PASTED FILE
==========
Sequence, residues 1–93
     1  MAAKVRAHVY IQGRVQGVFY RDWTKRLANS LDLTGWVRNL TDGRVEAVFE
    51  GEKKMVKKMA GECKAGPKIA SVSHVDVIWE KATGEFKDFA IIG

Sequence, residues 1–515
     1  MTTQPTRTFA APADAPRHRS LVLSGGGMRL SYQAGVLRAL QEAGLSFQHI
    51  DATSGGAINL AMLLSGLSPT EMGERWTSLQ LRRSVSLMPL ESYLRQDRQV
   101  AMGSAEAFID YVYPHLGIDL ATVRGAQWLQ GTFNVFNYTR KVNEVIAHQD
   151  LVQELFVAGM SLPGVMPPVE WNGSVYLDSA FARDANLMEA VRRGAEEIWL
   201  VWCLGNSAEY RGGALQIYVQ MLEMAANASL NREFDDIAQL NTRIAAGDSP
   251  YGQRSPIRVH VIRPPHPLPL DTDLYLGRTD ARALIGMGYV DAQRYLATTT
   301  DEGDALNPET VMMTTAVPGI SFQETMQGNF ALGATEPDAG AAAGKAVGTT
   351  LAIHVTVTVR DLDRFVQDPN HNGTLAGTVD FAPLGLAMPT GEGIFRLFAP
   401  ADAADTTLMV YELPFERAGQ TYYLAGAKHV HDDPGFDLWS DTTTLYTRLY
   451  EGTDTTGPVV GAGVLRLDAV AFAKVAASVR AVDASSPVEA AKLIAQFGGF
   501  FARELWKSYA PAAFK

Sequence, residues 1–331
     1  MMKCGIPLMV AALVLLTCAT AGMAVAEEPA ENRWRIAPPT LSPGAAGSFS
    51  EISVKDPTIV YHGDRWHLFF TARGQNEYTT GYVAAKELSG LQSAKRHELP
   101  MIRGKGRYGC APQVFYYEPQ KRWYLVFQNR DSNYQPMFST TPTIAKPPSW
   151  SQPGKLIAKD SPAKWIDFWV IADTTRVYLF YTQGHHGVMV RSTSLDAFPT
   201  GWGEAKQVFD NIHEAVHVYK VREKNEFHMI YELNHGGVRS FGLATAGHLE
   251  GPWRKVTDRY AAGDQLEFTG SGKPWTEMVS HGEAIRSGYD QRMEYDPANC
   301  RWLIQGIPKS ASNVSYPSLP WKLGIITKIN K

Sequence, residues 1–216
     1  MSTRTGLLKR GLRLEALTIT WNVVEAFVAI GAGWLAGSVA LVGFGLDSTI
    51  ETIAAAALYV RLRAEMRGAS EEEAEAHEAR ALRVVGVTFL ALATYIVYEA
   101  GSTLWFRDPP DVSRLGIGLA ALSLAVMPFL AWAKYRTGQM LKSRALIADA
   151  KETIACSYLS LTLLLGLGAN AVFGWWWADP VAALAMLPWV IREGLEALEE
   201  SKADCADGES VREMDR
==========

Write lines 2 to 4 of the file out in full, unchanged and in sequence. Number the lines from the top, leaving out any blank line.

     1  MAAKVRAHVY IQGRVQGVFY RDWTKRLANS LDLTGWVRNL TDGRVEAVFE
    51  GEKKMVKKMA GECKAGPKIA SVSHVDVIWE KATGEFKDFA IIG

Sequence, residues 1–515